FOR MORE than a quarter of a century Stanley Hall was wig-maker and make-up artist to the stars, the undisputed master of his trade. He combined artistry in styling with a perfectionist's insistence on the quality both of materials and craftsmanship (the finest hair, often bought from Italian convents, had to be individually woven and hand-knotted strand by strand). His creations were worn with supreme confidence on theatre stages and in film studios across the world. Divas at the New York Metropolitan Opera, heroes and heroines of Hollywood movies, leading players of the British theatre, and the casts of such great musicals as My Fair Lady and such big-budget film epics as Cleopatra were invariably wigged and made up under his direction. Marlene Dietrich, Elizabeth Taylor, Vivien Leigh, Katharine Hepburn, Mary Martin, Ingrid Bergman, Sophia Loren, all belonged to that galaxy which claimed his dedicated attention.
Born in Boston, Lincolnshire, in 1917, he started out as a young make-up artist, working for Alexander Korda's London Films at Pinewood Studios, where he impressed such leading actors as Anton Walbrook and Conrad Veidt, who both became close friends. When war broke out poor eyesight prevented him from serving overseas but he rose to the rank of sergeant-major as one of the chief organisers of Combined Services Entertainment, producing touring shows for the troops such as Stars in Battle Dress. After his demobilisation he set up his own business and went into partnership with a friend and companion of the war years, Noel Macgregor, known universally as 'the Major'. The business, begun on a modest scale, was named Wig Creations and prospered, helped greatly by the complementary personalities of its two founders. Hall's handsome, fair-haired appearance, distinguished by his twin trademarks of bright bow tie and heavy horn-rimmed spectacles, showed readily a twinkling sense of humour and his easy, extrovert flair. This was the ideal counterpart to the Major's discretion, courtesy and gentlemanly reticence.
The wearing of wigs can be a delicate and nervous-making ordeal at the best of times and sensitive performers are naturally apprehensive about facing their public as if topped off with a hunk of coir matting, a splodge of candyfloss or the corpse of a small mammal. Now in the hands of Stanley Hall, they could have an absolute assurance that they would be seen to their very best advantage. 'I try to make beautiful women look even more beautiful,' he said.
Such trust leads to close relationships - no star is a hero to his make-up man or wigmaker - and his buoyant sociability made him the friend and confidant of many of those whose heads he so cleverly adorned. He became as much a fixture at smart West End first nights as that familiar legend in the programme: 'Wigs by Wig Creations'. Like Willy Clarkson, that doyen of wig-makers from an earlier era, he also began to flourish as a lavish London host and party-giver.
The firm having now moved from its first premises in George Street to more spacious quarters in Portman Close (150 workers were required to sort the hair and weave and dress the wigs), the main workroom could be turned into the setting for a series of splendid New Year Eve parties where both the glamorous guests and the champagne flowed in an unending bubbling stream and where Judy Garland and Margot Fonteyn would be waiting for the chimes of midnight.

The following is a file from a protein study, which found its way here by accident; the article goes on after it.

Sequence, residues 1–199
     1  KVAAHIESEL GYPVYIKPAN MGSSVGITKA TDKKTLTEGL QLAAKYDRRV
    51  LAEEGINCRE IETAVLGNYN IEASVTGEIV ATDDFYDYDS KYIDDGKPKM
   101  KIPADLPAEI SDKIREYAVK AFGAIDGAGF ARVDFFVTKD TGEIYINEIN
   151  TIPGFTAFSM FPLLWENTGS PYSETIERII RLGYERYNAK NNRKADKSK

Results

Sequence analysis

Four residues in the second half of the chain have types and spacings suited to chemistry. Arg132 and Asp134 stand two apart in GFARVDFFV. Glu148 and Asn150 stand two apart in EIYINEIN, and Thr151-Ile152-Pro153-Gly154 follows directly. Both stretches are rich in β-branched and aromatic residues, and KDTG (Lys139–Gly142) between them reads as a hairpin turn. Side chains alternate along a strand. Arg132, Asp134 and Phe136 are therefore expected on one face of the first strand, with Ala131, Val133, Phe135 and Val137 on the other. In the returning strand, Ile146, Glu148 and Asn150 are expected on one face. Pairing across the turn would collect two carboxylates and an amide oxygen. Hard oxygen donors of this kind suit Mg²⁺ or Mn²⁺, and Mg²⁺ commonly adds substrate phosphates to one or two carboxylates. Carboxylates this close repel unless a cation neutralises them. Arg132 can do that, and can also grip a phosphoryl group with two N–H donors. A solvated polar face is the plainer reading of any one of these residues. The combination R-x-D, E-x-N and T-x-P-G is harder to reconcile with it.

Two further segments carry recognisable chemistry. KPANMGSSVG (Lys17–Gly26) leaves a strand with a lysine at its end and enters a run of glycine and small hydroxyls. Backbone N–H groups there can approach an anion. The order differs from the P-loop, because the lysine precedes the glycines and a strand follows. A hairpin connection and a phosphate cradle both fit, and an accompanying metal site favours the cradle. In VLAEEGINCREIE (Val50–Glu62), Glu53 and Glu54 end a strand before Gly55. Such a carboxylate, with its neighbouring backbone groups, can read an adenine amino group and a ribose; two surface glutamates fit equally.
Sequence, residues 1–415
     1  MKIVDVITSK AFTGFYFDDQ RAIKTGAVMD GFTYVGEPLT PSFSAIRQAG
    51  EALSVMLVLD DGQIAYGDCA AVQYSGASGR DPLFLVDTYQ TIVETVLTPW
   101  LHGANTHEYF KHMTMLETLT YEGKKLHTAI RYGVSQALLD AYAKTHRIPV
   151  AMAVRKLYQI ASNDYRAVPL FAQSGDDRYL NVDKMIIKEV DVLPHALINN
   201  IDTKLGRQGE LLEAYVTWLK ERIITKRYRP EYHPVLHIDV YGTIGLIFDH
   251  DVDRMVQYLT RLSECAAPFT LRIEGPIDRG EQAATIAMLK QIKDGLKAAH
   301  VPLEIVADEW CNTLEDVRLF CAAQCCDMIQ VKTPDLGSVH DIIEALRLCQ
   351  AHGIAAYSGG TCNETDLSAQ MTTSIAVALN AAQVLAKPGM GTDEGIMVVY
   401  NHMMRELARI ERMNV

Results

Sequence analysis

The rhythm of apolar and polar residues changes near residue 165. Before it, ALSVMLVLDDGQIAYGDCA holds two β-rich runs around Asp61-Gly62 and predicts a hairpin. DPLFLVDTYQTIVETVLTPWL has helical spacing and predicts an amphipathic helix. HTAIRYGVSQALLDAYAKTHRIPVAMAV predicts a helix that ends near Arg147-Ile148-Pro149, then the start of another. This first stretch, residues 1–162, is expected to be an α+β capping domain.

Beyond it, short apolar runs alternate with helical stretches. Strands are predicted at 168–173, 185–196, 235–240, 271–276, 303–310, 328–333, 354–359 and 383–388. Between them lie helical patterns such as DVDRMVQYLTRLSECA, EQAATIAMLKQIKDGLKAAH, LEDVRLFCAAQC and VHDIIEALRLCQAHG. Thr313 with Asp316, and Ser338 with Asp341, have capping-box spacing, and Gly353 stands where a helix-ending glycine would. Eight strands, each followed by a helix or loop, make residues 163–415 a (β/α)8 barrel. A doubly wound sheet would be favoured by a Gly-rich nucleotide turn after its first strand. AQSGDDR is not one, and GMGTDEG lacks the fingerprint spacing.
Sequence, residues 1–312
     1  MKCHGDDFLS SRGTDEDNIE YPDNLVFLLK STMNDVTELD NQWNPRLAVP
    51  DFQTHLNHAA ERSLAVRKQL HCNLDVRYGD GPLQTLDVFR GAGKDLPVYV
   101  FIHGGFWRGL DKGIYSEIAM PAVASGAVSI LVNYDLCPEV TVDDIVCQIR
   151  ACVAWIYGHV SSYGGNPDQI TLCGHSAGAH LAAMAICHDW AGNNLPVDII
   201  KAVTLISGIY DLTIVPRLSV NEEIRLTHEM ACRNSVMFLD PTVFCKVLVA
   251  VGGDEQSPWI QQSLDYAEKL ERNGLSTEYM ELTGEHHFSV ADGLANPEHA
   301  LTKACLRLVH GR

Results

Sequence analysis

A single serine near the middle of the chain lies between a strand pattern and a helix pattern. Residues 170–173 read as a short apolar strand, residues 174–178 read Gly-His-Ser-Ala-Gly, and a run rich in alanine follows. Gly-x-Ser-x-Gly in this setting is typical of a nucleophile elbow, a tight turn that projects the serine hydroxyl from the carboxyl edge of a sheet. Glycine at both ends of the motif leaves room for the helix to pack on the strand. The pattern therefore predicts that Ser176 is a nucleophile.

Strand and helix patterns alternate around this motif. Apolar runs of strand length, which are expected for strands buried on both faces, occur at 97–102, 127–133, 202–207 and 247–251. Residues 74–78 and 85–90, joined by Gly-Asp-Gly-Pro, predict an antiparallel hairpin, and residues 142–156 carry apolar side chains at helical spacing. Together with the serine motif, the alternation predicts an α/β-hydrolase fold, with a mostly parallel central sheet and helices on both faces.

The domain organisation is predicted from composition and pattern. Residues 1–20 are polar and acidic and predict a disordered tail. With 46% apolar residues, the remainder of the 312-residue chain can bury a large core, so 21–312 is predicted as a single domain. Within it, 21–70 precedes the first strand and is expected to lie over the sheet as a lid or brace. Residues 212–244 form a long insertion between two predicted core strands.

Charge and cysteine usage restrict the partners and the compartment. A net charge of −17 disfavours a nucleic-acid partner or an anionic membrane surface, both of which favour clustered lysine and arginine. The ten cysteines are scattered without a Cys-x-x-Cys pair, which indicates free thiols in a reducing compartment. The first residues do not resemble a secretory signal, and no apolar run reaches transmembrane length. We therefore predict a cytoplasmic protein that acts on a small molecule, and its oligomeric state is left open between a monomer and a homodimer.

There was, however, another contrasted side to his gregarious nature, expressed in his love for the country and a passion for birds and animals. In 1961 he had found a bungalow, at Soggs Parva, near Robertsbridge on the Kent and Sussex border, and this he gradually extended and transformed into a light and airy pavilion with an almost Mediterranean atmosphere. In the south-facing terraced garden peacocks and white doves strutted and fluttered, from an adjoining aviary came the squawking chorus of an exotic collection of rare tropical birds and in the fields across the way grazed a herd of Welsh mountain ponies and a flock of Barbary sheep.
Regular visitors ceased to be surprised when they found a curly-horned Jacob ram nuzzling them in the drawing-room or were joined for lunch by a talkative troop of parrots, macaws and cockatoos (one of them perhaps a gift from Sir John Gielgud), which would perch on the head and shoulders of the host and frequently help themselves from the guests' plates. Like St Francis and Dr Dolittle before him, Hall had truly found the gift of being able to talk to the animals.
In the mid-Seventies luck ran out for him. The business, always labour-intensive, had now become over-extended. The bank loans mounted and finally, unable to solve the problems of increasing debt, he was forced to relinquish the business which he had founded and for which he had created a world reputation. Good friends rallied round, however, and he was able to keep his beloved animals and his country retreat, which he continued to share with Noel Macgregor (who died in 1982) and with his friend of nearly 40 years, the biographer and producer Charles Castle. Undaunted in the face of misfortune, and eternally optimistic, he continued to trade as Stanley Hall of London, marketing various luxury products such as soap and scents which his friend Noel Coward had allowed him to name after three of his famous plays, Easy Virtue, Conversation Piece and Blithe Spirit. Indeed, blithe spirit sums up neatly both his character and his life - zestful, warm, gregarious, perennially youthful - which made him in his great heyday without peer in his craft.
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